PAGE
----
Urgent Bull Rescue Comes Down to the Wire

Thursday, January 30, 2014 - 12:00pm
Urgent Bull Rescue Comes Down to the Wire

In April 2013, the ASPCA Field Investigation Response (FIR) team responded to a call in Pleasant Prairie, Wisconsin. Not knowing what to expect, they arrived at the scene to find an aggressive rodeo bull, a determined police chief, and an extreme challenge. After years of living in substandard conditions, the bull had developed behavioral issues, and Police Chief David Smetana concluded that the animal should be shot.

After a heated discussion with Smetana, FIR Director Kyle Held was granted access to the bull. Under surveillance of several armed police officers, Kyle evaluated the animal and concluded that he should be placed in a new home—not killed. “We arrived at the scene at 8am,” says Kyle. “At 11am, we were given three hours to find the bull a new home.”

With the clock ticking, Kyle pulled out all the stops. “I called everyone and their brother on this one,” he says. “At 1:45, we finally found a couple of farmers that run a cattle breeding operation and were not at all scared to take the bull for temporary placement.”

With the location secured, the team now had to tranquilize the bull for transportation. Kyle called on two local veterinarians, both of whom had initially supported the Police Chief’s plan to kill the bull, for help. He says, “We not only convinced them to change their opinions, but to assist in our rescue.” It took the two vets three tranquilizer darts to get the bull calm enough for handling.

Next, under more armed police protection, the FIR team transported the bull to a waiting trailer using equipment supplied by the local highway department. Once in the trailer, the bull was medically evaluated and it was discovered that a botched castration had left him with one testicle. “That’s how we came to call him Uno the bull,” Kyle remembers. Uno was then monitored until he was awake enough to stand. The 3 hour trip to the placement farm went off without a hitch.

Uno stayed at the temporary property in Wisconsin for a few weeks until the FIR team could make arrangements for a permanent residence. He was eventually transferred to the Black Beauty Ranch in Texas, where he received a proper home—and a proper castration. Uno is now stress-free and loving life.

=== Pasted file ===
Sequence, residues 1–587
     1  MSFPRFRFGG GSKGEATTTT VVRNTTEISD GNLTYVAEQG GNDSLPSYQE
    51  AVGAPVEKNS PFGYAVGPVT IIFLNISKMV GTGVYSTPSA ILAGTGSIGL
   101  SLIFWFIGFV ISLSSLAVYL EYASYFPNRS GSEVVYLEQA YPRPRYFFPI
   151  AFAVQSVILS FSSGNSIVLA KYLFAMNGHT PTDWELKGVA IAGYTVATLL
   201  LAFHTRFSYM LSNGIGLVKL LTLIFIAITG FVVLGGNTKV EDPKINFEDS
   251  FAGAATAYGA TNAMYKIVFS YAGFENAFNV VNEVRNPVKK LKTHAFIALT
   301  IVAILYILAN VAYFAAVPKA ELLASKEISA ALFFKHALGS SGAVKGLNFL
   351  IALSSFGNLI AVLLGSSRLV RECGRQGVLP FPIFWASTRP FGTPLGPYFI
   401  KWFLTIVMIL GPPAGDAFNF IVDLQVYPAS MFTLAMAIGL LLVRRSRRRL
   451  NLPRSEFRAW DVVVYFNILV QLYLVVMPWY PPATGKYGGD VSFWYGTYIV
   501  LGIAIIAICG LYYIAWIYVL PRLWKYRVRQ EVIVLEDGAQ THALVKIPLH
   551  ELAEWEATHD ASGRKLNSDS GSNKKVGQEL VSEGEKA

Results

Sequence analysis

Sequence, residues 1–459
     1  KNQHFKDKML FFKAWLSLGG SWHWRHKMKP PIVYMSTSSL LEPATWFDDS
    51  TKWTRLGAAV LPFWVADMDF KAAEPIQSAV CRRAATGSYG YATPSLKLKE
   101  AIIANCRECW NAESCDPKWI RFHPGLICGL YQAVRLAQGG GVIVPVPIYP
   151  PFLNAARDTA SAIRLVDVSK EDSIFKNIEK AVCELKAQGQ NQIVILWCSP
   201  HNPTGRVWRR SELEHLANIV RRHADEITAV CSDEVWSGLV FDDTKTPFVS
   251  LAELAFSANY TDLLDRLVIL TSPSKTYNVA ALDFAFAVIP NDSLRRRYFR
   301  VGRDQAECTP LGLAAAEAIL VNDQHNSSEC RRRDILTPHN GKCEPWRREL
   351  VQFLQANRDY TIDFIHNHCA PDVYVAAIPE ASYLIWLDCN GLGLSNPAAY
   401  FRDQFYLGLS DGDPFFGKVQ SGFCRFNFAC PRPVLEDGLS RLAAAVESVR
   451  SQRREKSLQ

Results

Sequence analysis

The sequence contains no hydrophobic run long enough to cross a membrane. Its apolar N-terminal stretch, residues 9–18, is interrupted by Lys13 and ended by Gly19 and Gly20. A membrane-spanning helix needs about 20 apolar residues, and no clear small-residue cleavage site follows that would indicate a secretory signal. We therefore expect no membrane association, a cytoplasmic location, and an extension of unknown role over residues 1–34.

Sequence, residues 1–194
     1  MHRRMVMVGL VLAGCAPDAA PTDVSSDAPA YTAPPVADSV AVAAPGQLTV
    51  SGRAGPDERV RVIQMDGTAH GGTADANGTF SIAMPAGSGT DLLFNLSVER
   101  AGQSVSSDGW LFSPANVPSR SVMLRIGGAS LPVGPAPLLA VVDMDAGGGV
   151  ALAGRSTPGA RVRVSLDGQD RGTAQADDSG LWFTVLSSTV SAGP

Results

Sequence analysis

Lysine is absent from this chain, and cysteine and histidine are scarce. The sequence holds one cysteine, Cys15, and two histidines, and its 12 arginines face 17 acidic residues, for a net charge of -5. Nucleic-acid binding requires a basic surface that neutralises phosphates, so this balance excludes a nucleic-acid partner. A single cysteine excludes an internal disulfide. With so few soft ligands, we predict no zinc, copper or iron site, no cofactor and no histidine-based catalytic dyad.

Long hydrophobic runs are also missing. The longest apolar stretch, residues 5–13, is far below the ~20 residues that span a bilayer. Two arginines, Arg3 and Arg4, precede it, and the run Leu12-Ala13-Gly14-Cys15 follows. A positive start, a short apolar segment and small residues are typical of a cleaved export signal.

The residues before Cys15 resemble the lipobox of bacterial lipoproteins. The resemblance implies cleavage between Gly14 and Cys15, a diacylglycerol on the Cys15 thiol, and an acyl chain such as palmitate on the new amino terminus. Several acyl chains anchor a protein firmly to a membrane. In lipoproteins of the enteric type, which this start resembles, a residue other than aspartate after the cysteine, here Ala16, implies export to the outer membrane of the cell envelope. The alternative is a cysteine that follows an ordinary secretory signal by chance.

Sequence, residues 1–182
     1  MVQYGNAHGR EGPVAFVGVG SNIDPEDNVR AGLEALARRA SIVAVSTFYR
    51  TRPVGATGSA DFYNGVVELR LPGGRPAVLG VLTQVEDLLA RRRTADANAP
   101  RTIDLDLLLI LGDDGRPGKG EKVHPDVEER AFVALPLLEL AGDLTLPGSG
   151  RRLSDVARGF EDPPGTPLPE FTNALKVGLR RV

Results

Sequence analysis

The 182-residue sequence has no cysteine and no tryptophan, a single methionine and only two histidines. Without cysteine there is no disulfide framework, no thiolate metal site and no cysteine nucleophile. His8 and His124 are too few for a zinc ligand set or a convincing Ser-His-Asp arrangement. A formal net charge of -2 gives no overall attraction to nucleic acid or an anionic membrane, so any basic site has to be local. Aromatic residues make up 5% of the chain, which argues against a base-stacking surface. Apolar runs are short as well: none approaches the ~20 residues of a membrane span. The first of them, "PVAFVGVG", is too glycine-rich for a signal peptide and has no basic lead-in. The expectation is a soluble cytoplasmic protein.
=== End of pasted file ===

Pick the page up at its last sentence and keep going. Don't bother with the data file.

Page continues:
Uno the Bull at Black Beauty Rescue

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The Police did not want to shoot the bull but their job is public safety and they did their job very well on this case.

Gayle J

I hate rodeos since they are nothing more than animal abuse. Uno was probably in pain and just sick and tired of being hurt at the rodeos. I'm so very glad he is now living the good life at Black Beauty, and he is himself, a beauty.


Iam trying to find out how to be a foster home for the larger animals cows horses lamas I am beginning to think its top secret. Please get with me the local says they don't rescue the larger animals thanks

Rosa Caldwell

Such a nice happy ending. Just goes to show you when one has determination and everyone pulls together, there is nothing that cannot be accomplished. Thanks to all involved for this amazing rescue. I am so excited that he has a nice forever home now and can enjoy his life.


Real men right there

Jen Connors

The Black Beauty Ranch is such a wonderful place. Best wishes to Uno!

Carol Todd

It makes my day to read about compassionate people willing to go the extra mile. All involved in the rescue of this bull set an example for others to follow, and I thank you.


Glad to hear he is living a good life in another State and not on someones table as a meal like the police wanted to do ....


So happy for this bull. No wonder he was aggressive with the life he was forced to live. As far as the botched castration, some people don't know one end of a bull from the other if it shit on their boots. Happy life Uno.

Camilla Hoffman

Beautiful story- well done !! What an amazing animal...